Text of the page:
41. U.S. Congress House Clerk, "Statistics of the Congressional Election of November 5, 2002," accessed March 28, 2013
  42. U.S. Congress House Clerk, "Statistics of the Congressional Election of November 7, 2000," accessed March 28, 2013
  43. U.S. Congress House Clerk, "Statistics of the Congressional Election of November 3, 1998," accessed March 28, 2013
  44. U.S. Congress House Clerk, "Statistics of the Congressional Election of November 5, 1996," accessed March 28, 2013
  45. U.S. Congress House Clerk, "Statistics of the Congressional Election of November 8, 1994," accessed March 28, 2013
  46. U.S. Congress House Clerk, "Statistics of the Congressional Election of November 3, 1992," accessed March 28, 2013
  47. U.S. Congress House Clerk, "Statistics of the Congressional Election of November 6, 1990," accessed March 28, 2013
  48. U.S. Congress House Clerk, "Statistics of the Congressional Election of November 8, 1988," accessed March 28, 2013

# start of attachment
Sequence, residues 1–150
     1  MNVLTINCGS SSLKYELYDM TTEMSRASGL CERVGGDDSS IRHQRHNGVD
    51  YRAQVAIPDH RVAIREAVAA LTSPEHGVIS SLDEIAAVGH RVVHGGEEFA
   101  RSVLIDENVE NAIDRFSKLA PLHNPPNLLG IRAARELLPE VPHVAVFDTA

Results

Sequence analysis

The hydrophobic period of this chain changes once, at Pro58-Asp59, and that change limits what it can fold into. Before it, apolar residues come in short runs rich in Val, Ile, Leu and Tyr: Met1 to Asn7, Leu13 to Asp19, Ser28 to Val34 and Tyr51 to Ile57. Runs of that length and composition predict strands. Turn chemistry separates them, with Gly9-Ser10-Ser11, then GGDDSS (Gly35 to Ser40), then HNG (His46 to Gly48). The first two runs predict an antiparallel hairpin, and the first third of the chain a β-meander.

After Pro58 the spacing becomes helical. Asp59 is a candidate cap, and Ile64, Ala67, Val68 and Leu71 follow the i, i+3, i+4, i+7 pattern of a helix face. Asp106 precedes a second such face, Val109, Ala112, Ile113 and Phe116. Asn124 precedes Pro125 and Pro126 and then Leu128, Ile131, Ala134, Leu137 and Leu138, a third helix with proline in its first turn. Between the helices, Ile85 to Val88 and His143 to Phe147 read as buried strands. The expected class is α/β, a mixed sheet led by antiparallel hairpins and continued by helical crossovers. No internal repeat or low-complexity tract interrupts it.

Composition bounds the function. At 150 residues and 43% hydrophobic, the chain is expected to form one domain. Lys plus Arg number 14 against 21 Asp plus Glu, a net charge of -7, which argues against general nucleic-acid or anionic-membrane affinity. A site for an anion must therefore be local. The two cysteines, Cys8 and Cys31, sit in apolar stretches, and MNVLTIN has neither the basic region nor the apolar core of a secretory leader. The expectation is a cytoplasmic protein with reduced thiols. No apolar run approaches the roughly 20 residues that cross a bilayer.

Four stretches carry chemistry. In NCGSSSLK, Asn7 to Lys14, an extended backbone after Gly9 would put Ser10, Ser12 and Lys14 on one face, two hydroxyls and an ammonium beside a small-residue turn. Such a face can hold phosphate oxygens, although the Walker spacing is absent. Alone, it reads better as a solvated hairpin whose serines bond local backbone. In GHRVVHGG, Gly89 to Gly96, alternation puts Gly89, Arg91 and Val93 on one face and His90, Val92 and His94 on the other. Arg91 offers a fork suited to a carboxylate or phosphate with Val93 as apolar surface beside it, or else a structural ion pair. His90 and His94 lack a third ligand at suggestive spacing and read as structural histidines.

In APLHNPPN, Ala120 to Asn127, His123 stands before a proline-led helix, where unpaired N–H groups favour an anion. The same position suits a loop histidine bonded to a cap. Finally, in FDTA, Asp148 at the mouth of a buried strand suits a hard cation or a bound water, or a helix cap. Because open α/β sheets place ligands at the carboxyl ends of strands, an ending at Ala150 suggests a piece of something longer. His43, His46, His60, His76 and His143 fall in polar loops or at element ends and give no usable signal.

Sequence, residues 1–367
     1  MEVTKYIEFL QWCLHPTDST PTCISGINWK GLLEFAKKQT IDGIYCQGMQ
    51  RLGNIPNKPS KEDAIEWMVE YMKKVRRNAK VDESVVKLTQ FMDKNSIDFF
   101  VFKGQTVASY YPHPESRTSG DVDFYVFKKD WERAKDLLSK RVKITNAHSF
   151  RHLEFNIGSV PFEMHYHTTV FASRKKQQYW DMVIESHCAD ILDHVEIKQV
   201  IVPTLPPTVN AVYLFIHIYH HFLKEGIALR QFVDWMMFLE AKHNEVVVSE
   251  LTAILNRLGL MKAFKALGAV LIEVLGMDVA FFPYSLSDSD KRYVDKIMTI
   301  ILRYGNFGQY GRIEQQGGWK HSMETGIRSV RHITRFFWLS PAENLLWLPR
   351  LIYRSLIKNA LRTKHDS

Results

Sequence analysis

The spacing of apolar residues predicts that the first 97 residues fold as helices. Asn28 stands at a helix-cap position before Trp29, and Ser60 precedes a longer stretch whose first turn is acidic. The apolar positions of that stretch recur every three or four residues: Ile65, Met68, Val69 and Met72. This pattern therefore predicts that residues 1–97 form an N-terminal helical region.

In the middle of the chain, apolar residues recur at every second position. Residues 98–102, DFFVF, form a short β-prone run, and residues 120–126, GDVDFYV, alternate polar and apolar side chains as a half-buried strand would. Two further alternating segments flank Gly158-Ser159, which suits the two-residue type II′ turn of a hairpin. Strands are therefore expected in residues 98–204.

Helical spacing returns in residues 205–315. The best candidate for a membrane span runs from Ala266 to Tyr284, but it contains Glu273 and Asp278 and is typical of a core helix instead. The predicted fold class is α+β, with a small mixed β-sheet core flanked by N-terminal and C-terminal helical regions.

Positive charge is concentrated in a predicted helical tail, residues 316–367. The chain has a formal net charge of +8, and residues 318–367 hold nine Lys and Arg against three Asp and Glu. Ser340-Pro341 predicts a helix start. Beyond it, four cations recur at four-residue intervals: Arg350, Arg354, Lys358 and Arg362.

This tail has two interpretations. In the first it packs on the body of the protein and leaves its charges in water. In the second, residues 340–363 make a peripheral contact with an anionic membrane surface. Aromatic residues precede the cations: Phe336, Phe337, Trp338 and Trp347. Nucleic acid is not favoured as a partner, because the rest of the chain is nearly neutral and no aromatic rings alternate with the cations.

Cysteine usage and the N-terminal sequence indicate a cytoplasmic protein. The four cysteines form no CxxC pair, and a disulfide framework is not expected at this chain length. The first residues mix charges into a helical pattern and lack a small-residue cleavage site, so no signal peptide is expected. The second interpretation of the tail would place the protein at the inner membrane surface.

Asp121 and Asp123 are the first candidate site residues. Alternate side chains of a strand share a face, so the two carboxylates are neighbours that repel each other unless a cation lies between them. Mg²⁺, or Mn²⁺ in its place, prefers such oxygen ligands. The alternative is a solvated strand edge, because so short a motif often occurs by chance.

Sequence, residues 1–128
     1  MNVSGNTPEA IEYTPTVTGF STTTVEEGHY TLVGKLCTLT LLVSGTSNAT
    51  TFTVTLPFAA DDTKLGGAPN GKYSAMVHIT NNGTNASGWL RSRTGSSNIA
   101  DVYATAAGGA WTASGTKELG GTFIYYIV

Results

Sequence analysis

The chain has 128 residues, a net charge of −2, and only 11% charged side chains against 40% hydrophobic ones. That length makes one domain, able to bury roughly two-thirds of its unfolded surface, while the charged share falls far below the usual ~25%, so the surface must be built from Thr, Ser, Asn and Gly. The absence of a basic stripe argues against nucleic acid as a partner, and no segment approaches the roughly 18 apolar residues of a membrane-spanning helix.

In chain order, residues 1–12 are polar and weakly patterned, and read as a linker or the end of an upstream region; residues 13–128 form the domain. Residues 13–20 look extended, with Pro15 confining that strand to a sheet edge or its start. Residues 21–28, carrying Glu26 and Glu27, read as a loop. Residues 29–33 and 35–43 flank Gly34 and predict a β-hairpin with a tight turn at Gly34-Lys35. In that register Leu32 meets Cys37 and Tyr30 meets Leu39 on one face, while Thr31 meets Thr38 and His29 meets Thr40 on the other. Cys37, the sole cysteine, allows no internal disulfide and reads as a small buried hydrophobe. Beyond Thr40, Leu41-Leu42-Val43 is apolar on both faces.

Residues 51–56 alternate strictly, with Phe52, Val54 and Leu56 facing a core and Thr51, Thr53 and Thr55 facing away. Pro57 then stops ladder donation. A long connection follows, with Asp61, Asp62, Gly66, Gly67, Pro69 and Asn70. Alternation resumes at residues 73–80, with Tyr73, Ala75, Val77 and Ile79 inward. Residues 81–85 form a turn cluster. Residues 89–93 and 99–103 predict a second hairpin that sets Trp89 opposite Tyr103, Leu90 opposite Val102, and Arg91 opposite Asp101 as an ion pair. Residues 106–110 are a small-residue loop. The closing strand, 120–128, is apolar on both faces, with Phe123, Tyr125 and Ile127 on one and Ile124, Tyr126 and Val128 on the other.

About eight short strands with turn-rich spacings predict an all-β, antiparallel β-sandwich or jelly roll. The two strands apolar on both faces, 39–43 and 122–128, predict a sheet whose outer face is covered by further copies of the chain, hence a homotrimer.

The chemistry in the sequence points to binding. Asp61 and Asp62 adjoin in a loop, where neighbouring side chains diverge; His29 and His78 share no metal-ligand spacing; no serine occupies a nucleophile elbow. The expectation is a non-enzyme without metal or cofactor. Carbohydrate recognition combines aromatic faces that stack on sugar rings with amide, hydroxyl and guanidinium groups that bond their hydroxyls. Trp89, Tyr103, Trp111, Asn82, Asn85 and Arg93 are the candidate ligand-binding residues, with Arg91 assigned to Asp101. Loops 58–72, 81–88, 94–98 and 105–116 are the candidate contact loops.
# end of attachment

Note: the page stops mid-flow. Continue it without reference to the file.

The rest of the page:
49. Open Secrets, "Career Fundraising for John Duncan, Jr.," accessed March 28, 2013
  50. Federal Election Commission, "Duncan 2014 Summary reports," accessed July 23, 2013
  51. Federal Election Commission, "April Quarterly," accessed July 23, 2013
  52. Federal Election Commission, "July Quarterly," accessed July 23, 2013
  53. Federal Election Commission, "October Quarterly," accessed October 28, 2013
  54. Federal Election Commission, "John Duncan Year-End," accessed February 5, 2014
  55. Federal Election Commission, "April Quarterly," accessed April 17, 2014
  56. Open Secrets, "Duncan Campaign Contributions," accessed March 1, 2013